Yesterday I wrote about those contradictory things in time. Truthfully, I could write for days about nothing but the juxtrapositions and contrasts which fill this world and make it more interesting, less perfect. Today, when reading about eating disorders, I was not surprised to read that one of the two jobs you'll find the most sufferers of anorexia in is modelling. We all know how the vogue is for super-thin, and the pressure that those in the modelling world feel. Nevertheless, I find it hard to get my head around these constantly contradicting ideals about beauty. There are so many photos out there of anorexics with horribly sunken faces which I'm not going to post because frankly, they are repulsive. A few centuries ago, classic paintings depicted women who would probably be seen as overweight by today's standards.
But what is fashionable is always going to change, in terms of the colours which are in this year as well as the body shapes. Weirdly enough, Oscar Wilde said that 'fashion is a form of ugliness so intolerable that we have to alter it every six months' - maybe he's right and what is now commonly perceived as beautiful, because it works with what is fashionable, is in fact hideously ugly.
Anyway, there are always different people with different opinions. I still know several people who maintain that curvy is more feminine, others who would prefer healthy muscles to the Auswitz look and those who want to be petite and delicate in size and manner. After all - beauty is in the eye of the beholder.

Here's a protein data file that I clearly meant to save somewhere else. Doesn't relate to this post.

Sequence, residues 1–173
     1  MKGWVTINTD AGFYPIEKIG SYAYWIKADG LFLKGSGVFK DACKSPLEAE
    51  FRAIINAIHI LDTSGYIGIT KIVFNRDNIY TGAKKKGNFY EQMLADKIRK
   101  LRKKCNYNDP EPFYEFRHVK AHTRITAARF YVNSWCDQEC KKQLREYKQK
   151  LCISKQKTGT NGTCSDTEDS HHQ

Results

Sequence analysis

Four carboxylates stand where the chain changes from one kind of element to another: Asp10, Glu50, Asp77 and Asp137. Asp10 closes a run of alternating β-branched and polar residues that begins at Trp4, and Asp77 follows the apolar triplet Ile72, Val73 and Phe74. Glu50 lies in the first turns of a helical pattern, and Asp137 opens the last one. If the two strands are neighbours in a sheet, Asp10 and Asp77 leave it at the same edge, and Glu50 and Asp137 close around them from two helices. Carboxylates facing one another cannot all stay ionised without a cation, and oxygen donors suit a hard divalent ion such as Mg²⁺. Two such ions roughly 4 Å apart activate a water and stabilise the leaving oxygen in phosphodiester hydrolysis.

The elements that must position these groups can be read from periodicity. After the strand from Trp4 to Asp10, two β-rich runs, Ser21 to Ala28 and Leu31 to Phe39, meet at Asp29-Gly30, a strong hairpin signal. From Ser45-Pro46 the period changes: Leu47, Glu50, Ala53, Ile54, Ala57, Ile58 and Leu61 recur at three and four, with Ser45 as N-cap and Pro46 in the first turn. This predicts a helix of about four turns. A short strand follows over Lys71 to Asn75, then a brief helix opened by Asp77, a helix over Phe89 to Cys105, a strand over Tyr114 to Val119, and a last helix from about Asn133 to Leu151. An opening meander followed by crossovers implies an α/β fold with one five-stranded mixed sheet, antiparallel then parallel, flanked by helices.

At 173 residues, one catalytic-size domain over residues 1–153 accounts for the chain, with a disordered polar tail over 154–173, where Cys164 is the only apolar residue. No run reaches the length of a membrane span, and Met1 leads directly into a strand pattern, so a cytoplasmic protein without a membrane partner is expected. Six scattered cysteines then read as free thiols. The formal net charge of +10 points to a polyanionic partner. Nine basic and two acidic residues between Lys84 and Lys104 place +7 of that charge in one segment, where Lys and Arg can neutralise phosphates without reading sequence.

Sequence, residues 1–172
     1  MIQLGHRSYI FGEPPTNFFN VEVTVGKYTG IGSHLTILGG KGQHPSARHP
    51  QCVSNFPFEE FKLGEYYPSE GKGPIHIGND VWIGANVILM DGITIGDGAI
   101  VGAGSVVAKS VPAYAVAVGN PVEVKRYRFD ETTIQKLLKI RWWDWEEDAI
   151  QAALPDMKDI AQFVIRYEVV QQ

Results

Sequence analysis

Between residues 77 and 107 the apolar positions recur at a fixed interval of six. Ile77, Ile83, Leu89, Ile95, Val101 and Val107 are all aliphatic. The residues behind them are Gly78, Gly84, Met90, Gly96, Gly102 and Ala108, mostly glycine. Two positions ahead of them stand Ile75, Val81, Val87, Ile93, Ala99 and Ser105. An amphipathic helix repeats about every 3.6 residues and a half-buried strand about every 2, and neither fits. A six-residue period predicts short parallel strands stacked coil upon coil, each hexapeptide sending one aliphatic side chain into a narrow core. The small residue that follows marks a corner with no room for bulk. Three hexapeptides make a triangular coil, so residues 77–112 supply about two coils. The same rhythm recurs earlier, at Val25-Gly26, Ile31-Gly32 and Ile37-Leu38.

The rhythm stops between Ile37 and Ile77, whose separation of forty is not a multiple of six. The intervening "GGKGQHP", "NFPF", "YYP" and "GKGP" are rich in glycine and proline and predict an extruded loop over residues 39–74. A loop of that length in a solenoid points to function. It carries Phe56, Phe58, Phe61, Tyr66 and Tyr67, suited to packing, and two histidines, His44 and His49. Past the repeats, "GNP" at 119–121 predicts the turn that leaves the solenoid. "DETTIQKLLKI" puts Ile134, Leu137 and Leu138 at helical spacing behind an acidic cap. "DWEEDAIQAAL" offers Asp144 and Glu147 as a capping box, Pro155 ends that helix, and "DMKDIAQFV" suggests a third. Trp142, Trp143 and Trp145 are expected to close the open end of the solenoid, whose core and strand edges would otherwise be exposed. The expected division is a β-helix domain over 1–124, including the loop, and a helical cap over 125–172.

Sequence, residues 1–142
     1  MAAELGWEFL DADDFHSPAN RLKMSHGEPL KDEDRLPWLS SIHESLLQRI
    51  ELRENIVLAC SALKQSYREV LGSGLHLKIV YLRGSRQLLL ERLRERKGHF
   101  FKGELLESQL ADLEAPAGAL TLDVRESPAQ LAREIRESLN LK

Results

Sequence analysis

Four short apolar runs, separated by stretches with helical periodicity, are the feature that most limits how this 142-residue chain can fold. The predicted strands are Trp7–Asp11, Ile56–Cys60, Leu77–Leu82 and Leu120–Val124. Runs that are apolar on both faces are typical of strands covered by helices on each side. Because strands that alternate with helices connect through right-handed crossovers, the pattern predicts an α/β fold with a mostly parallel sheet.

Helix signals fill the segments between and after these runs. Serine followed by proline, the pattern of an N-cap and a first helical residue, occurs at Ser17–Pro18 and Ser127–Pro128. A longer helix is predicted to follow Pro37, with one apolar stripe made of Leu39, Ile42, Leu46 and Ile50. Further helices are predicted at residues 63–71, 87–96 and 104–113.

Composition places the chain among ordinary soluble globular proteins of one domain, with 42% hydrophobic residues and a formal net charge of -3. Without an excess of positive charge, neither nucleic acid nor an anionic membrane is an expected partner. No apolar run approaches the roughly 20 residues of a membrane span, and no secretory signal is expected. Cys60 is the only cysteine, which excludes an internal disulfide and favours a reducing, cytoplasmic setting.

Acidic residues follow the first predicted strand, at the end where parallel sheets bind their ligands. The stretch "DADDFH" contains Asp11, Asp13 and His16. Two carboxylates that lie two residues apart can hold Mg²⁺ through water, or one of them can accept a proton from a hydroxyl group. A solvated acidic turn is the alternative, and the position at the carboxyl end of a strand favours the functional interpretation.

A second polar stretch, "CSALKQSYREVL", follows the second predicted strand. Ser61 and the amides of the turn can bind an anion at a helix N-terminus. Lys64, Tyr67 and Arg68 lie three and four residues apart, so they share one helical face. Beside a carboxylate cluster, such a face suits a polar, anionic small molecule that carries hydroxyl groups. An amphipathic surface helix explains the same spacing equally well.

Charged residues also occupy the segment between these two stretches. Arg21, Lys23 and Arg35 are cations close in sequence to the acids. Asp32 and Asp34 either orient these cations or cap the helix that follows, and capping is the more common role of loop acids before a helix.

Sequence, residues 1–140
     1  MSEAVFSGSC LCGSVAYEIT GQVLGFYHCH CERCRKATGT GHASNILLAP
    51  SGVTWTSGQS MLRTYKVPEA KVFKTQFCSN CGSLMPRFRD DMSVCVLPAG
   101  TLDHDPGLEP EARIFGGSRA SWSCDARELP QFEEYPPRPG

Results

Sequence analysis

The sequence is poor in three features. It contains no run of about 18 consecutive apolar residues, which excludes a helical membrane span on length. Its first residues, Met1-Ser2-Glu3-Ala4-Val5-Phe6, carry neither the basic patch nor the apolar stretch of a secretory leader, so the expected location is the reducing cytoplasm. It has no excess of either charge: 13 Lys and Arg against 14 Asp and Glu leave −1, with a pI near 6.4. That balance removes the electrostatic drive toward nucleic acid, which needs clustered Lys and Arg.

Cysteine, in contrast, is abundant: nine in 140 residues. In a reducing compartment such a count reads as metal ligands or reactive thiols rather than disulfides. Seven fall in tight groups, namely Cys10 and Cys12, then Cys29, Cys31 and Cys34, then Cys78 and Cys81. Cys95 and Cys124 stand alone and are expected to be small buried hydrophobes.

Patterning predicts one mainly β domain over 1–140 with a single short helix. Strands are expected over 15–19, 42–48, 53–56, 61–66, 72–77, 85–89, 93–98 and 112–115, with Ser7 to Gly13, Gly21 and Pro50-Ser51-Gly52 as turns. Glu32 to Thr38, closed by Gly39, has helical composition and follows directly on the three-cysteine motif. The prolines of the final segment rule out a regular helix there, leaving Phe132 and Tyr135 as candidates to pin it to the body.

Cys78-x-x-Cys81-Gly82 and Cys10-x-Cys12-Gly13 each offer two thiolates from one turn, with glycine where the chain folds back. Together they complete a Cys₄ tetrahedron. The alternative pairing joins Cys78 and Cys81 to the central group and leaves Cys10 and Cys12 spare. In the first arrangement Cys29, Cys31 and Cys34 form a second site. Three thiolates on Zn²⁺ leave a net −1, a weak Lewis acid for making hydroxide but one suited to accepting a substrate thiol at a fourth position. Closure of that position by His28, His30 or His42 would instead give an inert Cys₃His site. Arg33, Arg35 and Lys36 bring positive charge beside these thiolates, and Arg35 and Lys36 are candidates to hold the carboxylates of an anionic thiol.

This is why I found it even more startling to learn what the other high-risk job in terms of eating disorders was - being a ballerina. Maybe I shouldn't have been so surprised, especially considering that my first encounter with eating disorders was a Baby-sitter's Club book revolving around an anorexic ballerina storyline. Nevertheless, there is something so strange about it all.
Consider this: ballet is one of the most physically strenuous career paths one could possibly choose. Long hours of exercise, and the excruciating difficulty of dancing on pointe mean that you have to have a lot of strength. Today I read about one sufferer of anorexia who fell into a coma after attempting a 1 minute jog. How can you be in that situation to do something like this?
So, there's this incredible strength which is normally associated with athletes who, although very lean are not at all small. But then, as this image demonstrates, ballerinas have to look so light that you imagine that they might be able to fly. Serena Williams looks beautifully healthy, but she could never convince you of that.
Before the rise of feminism, trousers and Suffragettes women wore corsets to exaggerate their womanly curves, and as a result became very weak and gained a reputation for dramatically fainting. This was appealing to men who could assert their manly superiority by protecting their weak little lady. Ballerinas need that stereotypical sense of feminity, fragility, so that the male lead can twirl and support and lift her.
However female ballerinas are not renouned for their curves, and their busts are rarely very much more protruding than their male counterparts. So how does this whole old-fashioned ideal of feminity fit in with their boyish physique?
This is just one example of the different expectations society expects met - take today's news, with the fantastic result of Obama as the democratic President-elect contrasted with the disappointment of Proposition 8. Juxtaposed together, how ridiculous does everything begin to seem? I can now clearly see why ballerinas feel the pressure they do; contrasts can be intellectually stimulating as well as very beautiful, but they are also overwhelmingly confusing.